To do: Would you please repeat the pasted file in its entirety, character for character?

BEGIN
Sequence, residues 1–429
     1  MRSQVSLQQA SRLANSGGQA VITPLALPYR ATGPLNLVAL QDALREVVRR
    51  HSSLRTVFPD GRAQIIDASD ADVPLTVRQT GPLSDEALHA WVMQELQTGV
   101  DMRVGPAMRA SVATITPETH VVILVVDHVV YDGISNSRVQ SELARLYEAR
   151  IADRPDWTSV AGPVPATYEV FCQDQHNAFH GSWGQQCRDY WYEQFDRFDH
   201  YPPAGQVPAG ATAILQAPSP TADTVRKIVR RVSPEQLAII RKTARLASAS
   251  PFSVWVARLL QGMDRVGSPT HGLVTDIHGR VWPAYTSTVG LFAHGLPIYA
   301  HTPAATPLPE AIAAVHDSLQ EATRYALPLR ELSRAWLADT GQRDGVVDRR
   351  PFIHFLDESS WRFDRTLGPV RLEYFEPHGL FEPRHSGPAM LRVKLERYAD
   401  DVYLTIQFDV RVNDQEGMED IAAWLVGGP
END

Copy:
Sequence, residues 1–429
     1  MRSQVSLQQA SRLANSGGQA VITPLALPYR ATGPLNLVAL QDALREVVRR
    51  HSSLRTVFPD GRAQIIDASD ADVPLTVRQT GPLSDEALHA WVMQELQTGV
   101  DMRVGPAMRA SVATITPETH VVILVVDHVV YDGISNSRVQ SELARLYEAR
   151  IADRPDWTSV AGPVPATYEV FCQDQHNAFH GSWGQQCRDY WYEQFDRFDH
   201  YPPAGQVPAG ATAILQAPSP TADTVRKIVR RVSPEQLAII RKTARLASAS
   251  PFSVWVARLL QGMDRVGSPT HGLVTDIHGR VWPAYTSTVG LFAHGLPIYA
   301  HTPAATPLPE AIAAVHDSLQ EATRYALPLR ELSRAWLADT GQRDGVVDRR
   351  PFIHFLDESS WRFDRTLGPV RLEYFEPHGL FEPRHSGPAM LRVKLERYAD
   401  DVYLTIQFDV RVNDQEGMED IAAWLVGGP